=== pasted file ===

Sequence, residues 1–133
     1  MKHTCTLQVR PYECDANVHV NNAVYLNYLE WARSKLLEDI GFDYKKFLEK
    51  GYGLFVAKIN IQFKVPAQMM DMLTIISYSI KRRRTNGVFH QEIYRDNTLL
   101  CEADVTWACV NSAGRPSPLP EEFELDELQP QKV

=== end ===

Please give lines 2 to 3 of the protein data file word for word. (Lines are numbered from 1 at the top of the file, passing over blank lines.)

     1  MKHTCTLQVR PYECDANVHV NNAVYLNYLE WARSKLLEDI GFDYKKFLEK
    51  GYGLFVAKIN IQFKVPAQMM DMLTIISYSI KRRRTNGVFH QEIYRDNTLL